Review: Sebastian Hackenschmidt,Stephan Olah (eds). Fünf und Neunzig Wiener Würstel Stände. Stalzburg: Verlag Anton Pustet.
Why review a survey of 600 currently existing, “typically Viennese” sausage kiosks other than to say that this copiously illustrated book in German and French provides an exhaustive survey of the history and architecture of the food kiosk?
More significantly is the light that this local culinary tradition sheds on the public culture of Vienna’s streets and squares, a topic under-researched in Vienna (where the focus is on interior cafe culture, for example) and over-looked or poorly indexed by the city’s archives which focus on addresses rather than streets or squares, with the exception of the royal park, Prater.
“In Vienna, we have the paradoxical situation that sausage stands are considered a topographical peculiarity and regarded as leisure venues, while at the same tie forming part of the omnipresent traffic-, consumer- and communication-spaces — places of accelerated transit… “non-places”…. the sausage-stands convey far more convincingly the fleeting nature of the meals consumed there, than a convivial eating culture characterized by interpersonal relationships or a common history…” (p.18)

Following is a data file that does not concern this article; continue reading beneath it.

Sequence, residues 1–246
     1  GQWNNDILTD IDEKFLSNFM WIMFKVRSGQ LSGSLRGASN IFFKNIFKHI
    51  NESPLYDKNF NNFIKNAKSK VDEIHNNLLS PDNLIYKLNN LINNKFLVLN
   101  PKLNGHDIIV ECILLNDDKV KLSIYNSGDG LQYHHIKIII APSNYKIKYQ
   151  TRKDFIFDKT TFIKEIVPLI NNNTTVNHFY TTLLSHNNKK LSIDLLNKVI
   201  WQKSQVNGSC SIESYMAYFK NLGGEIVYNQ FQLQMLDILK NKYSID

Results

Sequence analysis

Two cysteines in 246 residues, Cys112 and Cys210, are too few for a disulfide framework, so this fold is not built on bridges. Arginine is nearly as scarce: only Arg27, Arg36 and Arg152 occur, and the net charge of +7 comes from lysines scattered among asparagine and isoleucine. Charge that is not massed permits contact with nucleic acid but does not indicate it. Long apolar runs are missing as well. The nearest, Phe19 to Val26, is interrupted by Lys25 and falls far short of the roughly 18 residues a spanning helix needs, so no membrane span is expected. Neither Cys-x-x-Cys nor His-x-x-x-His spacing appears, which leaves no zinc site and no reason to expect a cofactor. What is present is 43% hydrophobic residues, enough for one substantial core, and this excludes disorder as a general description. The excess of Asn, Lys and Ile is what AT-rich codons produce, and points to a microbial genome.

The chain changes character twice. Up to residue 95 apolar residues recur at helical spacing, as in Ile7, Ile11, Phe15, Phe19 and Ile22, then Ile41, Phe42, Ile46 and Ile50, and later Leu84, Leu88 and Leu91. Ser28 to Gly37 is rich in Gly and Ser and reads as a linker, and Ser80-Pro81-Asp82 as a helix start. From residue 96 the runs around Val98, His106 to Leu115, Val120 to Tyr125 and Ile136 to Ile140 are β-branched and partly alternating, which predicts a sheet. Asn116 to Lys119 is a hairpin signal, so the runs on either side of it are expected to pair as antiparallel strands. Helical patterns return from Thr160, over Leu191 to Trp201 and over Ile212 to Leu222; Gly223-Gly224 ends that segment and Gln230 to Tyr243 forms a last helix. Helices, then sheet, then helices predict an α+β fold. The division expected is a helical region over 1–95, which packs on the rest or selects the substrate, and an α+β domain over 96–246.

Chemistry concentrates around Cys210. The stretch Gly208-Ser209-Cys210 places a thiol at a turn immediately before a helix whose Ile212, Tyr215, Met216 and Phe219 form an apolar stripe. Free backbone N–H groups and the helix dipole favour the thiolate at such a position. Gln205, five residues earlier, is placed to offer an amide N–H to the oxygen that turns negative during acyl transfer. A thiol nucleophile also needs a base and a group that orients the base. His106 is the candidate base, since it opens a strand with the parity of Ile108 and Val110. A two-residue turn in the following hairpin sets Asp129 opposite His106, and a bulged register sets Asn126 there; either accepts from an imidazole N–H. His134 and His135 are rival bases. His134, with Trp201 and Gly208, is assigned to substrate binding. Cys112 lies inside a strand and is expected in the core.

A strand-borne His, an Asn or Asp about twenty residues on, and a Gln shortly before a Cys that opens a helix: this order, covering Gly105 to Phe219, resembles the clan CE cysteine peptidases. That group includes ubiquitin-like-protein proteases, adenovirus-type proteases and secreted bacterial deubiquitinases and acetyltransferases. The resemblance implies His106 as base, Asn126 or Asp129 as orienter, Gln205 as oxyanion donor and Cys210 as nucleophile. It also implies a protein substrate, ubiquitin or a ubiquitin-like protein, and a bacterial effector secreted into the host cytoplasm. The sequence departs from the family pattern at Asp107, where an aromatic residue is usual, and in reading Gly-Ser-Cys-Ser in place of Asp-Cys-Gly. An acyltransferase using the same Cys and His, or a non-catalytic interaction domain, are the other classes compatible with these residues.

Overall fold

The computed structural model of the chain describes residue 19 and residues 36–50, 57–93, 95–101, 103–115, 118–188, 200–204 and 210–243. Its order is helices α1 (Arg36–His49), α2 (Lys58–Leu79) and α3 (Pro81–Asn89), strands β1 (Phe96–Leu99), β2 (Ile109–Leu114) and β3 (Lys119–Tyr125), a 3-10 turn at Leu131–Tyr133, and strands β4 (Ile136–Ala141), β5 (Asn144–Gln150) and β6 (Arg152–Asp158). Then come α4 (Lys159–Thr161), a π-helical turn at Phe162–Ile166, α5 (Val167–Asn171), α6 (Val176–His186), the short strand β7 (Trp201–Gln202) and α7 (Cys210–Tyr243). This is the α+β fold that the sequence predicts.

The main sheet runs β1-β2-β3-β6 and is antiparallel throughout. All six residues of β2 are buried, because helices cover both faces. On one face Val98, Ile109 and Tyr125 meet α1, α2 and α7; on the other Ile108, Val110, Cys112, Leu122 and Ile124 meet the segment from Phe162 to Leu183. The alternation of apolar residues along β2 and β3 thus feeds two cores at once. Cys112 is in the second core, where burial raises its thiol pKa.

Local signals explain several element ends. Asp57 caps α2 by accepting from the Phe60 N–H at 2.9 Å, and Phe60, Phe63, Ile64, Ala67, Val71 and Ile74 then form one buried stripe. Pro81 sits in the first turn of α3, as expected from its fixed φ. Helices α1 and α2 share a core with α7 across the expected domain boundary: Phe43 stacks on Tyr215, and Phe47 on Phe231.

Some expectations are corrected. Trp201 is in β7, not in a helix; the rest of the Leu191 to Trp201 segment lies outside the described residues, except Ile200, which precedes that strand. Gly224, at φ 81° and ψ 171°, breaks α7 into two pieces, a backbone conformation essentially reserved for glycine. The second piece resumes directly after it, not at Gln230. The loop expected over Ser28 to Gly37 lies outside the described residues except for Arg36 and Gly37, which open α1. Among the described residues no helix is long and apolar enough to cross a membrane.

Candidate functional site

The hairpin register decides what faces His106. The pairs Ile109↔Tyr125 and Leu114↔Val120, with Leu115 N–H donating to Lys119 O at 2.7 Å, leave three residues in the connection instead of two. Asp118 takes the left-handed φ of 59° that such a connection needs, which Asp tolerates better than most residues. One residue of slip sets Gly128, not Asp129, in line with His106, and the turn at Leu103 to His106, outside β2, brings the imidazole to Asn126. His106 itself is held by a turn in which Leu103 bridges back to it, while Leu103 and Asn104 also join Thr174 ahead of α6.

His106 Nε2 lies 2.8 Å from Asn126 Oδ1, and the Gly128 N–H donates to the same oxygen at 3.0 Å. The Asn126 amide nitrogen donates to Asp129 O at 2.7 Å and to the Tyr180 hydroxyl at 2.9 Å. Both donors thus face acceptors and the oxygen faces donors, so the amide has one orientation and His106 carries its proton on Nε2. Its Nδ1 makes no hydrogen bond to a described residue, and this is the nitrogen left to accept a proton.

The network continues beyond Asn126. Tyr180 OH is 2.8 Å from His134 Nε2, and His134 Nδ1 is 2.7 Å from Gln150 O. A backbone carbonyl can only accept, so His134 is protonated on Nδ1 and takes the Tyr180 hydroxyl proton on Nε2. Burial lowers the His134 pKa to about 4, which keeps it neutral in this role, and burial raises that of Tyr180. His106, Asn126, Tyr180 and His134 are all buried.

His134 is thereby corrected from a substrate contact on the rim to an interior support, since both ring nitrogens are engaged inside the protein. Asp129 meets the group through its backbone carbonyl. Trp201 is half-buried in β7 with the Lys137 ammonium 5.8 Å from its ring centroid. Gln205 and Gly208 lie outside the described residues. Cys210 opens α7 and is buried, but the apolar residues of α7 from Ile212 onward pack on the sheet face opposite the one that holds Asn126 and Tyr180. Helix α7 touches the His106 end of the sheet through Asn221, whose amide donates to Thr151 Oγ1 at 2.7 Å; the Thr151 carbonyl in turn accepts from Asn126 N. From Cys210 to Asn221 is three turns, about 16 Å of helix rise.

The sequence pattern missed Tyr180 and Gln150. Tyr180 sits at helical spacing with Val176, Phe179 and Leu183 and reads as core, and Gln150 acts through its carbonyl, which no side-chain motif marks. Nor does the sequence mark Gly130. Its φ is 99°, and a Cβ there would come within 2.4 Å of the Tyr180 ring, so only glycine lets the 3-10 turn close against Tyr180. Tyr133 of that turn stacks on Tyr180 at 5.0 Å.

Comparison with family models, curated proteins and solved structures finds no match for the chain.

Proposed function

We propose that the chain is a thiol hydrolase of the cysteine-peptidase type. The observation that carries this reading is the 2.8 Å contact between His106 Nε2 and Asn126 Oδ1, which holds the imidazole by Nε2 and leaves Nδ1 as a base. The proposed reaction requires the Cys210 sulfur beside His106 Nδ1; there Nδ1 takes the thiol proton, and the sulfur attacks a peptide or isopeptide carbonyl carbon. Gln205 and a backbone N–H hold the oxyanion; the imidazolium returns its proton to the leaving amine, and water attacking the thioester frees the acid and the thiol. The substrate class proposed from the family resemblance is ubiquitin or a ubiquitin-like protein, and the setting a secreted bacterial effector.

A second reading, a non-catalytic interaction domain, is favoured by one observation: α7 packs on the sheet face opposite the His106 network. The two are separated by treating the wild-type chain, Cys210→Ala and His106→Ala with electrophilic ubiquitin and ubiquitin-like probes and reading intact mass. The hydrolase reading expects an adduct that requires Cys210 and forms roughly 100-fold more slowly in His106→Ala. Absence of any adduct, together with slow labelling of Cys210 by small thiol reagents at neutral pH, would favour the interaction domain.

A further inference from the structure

They are barometers of social change in the public spaces of the street.
“…achieving acceptance at a particular sausage-stand can turn into a regular rite of passage… Authenticated in the vernacular and amply represented in literature…”
University of Alberta